Judge: Devin Nunes of California may sue MSNBC. Where are his affairs

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A federal judge has ruled that former congressman Devin Nunes can sue the parent company of MSNBC over a statement made by Rachel Maddow on her show of the same name.

In a 22-page order issued Monday, Judge P. Kevin Castel of the U.S. District Court for the Southern District of New York wrote that Nunes’ legal team could “plausibly allege malice” in Maddow’s comments about the package addressed to the congressman from a Ukrainian lawmaker. Russian connections.

Since 2019, the California Republican has filed 10 lawsuits against media organizations and individuals who he claims have defamed him or conspired to damage his reputation. Judges have dismissed many of the cases, and Nunes has dismissed some of them.

Nunes, who represented the region around Fresno and Tulare in Congress for nearly a decade, resigned In January of last year, he became the CEO of former President Donald Trump’s social media company. Social truth. But the trial continued.

Here’s where all of Nunes’ lawsuits stand:

Nunes v. MSNBC

In March 2021, Maddow said Nunes “refused to surrender [the package] to the FBI, what you should do if you receive anything from someone who is under US sanctions as a Russian agent.”

Castel did not decide whether the statement was made with actual malice, the standard that public figures must meet in defamation lawsuits to recover damages. Rather, it allows the case to proceed on a single action.

Castel wrote that Maddow did not credit her statement. Although she may have known of a similar allegation regarding the package from the Politico article presented by lawyers for NBCUniversal (MSNBC’s parent company), the court does not “weigh competing, plausible theories” of actual malice when considering the motion to dismiss.

To prove actual malice, Nunes’ attorneys must show that NBCUniversal aired the statement knowing it was false or with reckless disregard for whether it was true.

Nunes argued that Maddow and the network knew the package had been transmitted and that they intended to damage his reputation.

The complaint concerns other statements she made, but Castel found them not to be defamatory and granted NBCUniversal’s motion to dismiss them.

Neither Nunes’ attorneys nor NBCUniversal responded to requests for comment.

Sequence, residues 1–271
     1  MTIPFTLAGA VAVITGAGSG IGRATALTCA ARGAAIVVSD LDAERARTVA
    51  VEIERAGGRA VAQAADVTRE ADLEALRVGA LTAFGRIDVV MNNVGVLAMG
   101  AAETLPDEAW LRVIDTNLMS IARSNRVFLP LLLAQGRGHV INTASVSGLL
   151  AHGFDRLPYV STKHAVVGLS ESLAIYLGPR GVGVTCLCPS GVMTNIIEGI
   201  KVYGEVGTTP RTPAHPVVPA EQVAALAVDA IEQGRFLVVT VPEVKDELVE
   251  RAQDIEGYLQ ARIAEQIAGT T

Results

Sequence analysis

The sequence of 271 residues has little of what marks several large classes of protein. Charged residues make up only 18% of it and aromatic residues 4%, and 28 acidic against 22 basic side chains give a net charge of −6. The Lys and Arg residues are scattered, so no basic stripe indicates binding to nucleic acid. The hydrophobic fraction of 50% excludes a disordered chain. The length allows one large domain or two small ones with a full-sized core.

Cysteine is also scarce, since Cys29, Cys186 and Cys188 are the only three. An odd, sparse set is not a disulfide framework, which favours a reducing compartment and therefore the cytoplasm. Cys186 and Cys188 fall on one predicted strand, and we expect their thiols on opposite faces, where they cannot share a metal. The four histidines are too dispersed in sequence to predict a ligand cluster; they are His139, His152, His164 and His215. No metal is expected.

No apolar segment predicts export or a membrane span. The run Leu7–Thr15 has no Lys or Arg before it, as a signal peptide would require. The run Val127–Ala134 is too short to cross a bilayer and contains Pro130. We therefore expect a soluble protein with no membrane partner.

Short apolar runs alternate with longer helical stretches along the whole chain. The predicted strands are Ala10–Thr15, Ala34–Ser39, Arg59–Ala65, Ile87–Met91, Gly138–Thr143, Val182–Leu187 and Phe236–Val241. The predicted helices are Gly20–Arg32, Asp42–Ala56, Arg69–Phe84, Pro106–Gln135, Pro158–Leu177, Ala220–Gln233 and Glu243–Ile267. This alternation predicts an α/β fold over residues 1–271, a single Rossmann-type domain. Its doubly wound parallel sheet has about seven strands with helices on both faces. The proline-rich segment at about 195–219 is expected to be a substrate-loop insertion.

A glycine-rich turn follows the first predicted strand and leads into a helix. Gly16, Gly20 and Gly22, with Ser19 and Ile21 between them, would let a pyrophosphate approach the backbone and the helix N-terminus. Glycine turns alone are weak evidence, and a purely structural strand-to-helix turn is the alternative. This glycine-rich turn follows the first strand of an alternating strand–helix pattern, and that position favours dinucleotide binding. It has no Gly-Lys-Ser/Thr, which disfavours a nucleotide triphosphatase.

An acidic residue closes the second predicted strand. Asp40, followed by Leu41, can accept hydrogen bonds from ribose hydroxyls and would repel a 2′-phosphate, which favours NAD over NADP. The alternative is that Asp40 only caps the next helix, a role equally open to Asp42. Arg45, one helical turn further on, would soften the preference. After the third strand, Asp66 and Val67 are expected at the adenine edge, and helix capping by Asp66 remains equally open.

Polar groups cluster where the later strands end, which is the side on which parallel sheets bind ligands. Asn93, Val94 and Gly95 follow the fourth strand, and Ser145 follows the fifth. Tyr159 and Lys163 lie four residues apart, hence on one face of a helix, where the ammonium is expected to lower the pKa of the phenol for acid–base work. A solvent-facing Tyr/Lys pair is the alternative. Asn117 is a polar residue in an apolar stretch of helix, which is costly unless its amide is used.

Other court cases

Nunez has three more lawsuits: against a magazine and a journalist who wrote about his family’s dairy farm in Iowa, The Washington Post and a parody of a cow and his mother on Twitter.

The former congressman and his family initially filed separate defamation lawsuits against Esquire magazine’s parent company and reporter Ryan Lizza, now at Politico, after a 2018 story said the Nunes family knowingly hired undocumented immigrant farm. Nunez, who is not a stakeholder in the farm, and his family deny they knowingly relied on undocumented workers.

His family filed a separate lawsuit. Judge for the Northern District of Iowa consolidated cases in February. It is scheduled to go to jury trial this spring.

Nunes has sued The Post twice. One action was rejected, but he sued the second time in 2020 over a story that referenced a 2017 “midnight run” to the White House to obtain evidence that the FBI spied on Trump’s 2016 presidential campaign. He said there was never a “northern run”.

Tulare native still trying sue the anonymous authors behind “Devin Nunez’s cow” and “Devin Nunes Alt-Mom” berating him on Twitter. The problem, his lawyer told the court, is that he doesn’t know who they are and can’t serve them.

Judges dismissed claims against CNN, compilers of the so-called Steele dossier and another case against Message. In the same suit against @DevinCow and @NunesAlt, a judge dismissed Twitter and a Republican strategist as defendants.

Nunes dropped cases against McClatchy, which owns The Bee, and former constituents who said the congressman is not a farmer. He also dropped a lawsuit against another ex composite who the California Republican accused of once being married to a cow on Twitter.

Related stories from the Sacramento Bee

Jillian Brasil is a congressional reporter for California-based McClatchy. She covers federal policy, people and issues affecting the Golden State from Capitol Hill. Graduated from Stanford University.

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